written by: Noah Storkson
Typical devotionals—I’m sure many of you are familiar with them—are centered around a Bible verse and intended to focus the heart (hence the name “devotional”). We’ll get to that, but for now, I’d like to focus on the mind towards more of a defense of our faith. I’d like to focus on a subject which has dealt blows to the Christian faith of many and has been an excuse for many more to refuse God. That is, the charge that Christianity and the Church, both today and throughout history, are unnecessary for doing good and, therefore, the harms inflicted by religion outweigh its usefulness.
One doesn’t need to be a Christian to do good, right? Christopher Hitchens, an atheist—or, in his own words, and anti-theist—says: “Name me an ethical statement made or an action performed by a believer that could not have been made or performed by a non-believer. As yet, I have no takers. (Whereas, oddly enough, if you ask an audience to name a wicked statement or action directly attributable to religious faith, nobody has any difficulty in finding an example.)” Empirically, Hitchens seems correct and to disagree appears arrogant. It is an issue worth tackling, as applied to the Christian religion, humbly. So let’s get to it!
First of all, Hitchens is smart enough to admit that, concerning the good or bad works of a religious person, “this says nothing about the belief system involved.” It is strictly an argument against religion’s necessity and usefulness. But, to use atheism and Christianity—proponents of both have done good, charitable works as well as heinous atrocities—there is a big difference between the two. According to verses such as James 1:26-27, for a Christian to commit atrocities in the name of religion, he must first twist his religion. Thus, those wicked statements and actions are directly attributable to twisted Christianity, not Christianity itself.
Now, for a common and more down-to-Earth example: a man very close to me was raised in a Christian home. We’ll call him Jack for the sake of anonymity. Jack’s family, and Jack specifically, were deeply wounded by a legalistic church while he was in high school and, shortly afterwards, he and his family moved to a new area. Churches were everywhere in this new area and the majority of people called themselves “Christian.” Sadly, most of them did not exemplify what Christianity is supposed to look like: a bridled tongue, caring for those in distress, and keeping oneself unstained by the world. Jack had experienced two extreme tendencies of Christian circles: legalism and hypocrisy. So, he said, “Forget this!”, rejected Christianity, and came to believe that the Church is just a money-making organization that needs to change its priorities.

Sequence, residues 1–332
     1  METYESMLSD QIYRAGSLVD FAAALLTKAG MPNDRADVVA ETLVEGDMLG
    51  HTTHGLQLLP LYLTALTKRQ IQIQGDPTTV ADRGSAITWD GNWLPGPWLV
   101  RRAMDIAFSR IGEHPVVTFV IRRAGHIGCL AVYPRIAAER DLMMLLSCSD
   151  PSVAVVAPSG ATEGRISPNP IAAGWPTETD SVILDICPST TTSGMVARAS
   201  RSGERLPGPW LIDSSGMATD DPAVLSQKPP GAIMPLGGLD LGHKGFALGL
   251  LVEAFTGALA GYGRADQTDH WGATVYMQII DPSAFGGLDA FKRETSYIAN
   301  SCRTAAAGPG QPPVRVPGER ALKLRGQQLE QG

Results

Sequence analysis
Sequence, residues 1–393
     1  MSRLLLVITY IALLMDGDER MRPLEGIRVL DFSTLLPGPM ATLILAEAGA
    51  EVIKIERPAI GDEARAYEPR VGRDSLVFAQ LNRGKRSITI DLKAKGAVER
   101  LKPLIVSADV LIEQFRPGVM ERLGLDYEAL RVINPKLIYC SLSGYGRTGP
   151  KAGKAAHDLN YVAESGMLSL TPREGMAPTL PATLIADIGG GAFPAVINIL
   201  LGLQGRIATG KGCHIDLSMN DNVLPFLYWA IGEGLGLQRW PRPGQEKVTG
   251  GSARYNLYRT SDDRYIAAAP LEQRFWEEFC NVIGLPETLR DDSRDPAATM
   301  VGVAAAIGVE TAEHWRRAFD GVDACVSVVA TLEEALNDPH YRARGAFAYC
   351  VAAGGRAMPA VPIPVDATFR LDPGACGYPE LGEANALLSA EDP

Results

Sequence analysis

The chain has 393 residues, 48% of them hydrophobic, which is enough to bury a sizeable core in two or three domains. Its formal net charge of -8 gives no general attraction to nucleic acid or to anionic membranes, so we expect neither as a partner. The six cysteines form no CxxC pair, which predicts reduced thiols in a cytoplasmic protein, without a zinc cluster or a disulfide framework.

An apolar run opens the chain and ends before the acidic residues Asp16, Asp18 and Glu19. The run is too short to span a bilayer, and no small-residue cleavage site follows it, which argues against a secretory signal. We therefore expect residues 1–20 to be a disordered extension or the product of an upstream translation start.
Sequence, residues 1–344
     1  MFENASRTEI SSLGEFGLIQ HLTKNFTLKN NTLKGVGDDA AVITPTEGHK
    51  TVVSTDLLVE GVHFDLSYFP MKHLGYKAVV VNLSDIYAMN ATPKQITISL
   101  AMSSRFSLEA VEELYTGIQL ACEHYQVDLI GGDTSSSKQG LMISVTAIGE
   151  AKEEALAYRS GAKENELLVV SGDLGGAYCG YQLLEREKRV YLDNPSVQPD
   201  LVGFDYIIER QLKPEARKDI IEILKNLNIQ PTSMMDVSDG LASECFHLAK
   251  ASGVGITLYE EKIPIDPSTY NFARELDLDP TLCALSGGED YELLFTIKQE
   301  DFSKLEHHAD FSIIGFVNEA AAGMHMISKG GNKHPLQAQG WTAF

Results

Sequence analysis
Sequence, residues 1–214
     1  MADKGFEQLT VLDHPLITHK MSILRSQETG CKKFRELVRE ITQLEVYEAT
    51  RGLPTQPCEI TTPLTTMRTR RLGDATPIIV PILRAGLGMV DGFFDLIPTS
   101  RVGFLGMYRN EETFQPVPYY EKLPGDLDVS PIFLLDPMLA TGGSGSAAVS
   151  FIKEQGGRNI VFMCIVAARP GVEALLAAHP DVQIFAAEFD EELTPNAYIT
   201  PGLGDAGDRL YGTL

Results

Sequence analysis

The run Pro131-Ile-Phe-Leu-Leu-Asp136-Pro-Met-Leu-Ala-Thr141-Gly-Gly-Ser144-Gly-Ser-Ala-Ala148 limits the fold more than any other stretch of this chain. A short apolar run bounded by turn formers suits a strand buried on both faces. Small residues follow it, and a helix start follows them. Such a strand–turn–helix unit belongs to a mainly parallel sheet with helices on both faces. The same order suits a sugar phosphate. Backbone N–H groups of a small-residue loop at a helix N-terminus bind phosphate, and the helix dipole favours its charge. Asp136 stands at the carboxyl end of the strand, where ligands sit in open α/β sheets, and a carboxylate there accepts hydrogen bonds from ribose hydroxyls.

That is where Hitchens’ question affects how you and I live. For his question is one of practicality. Yes, it is essential to distance Biblical Christianity from its less-than-satisfactory “representatives.” 1 John chapters 1 and 2 make that distinction abundantly clear and are well-worth the read. One may even directly answer Hitchens’ posit about the necessity of religion—specifically Christianity—for moral action. This would require tedious clarification due to the major and essential differences between Hitchens’ and the Bible’s understanding of morality (For examples, see Isaiah 64:6, Romans 14:23, and Hebrews 11:6). There is, however, a single way to answer the question effectively.
This method is said most succinctly in John 13:35: “By this all people will know that you are my disciples, if you have love for one another.” That is the only way that people such as Christopher Hitchens and Jack will be answered: Those who are not in Christ cannot love as Christ does—by demonstrating pure and undefiled love before the Father. So then, are you a Christian? Are you in Christ? Then demonstrate pure and undefiled love before the Father by bridling your tongue, caring for those in distress, and keeping yourself unstained by the world around you in every way. In doing so, those who think like Christopher Hitchens and Jack will be decidedly answered. That is the mission to which we are called to devote ourselves as Christians.
Suggested Readings: 1 John 1-2, James 1:26-27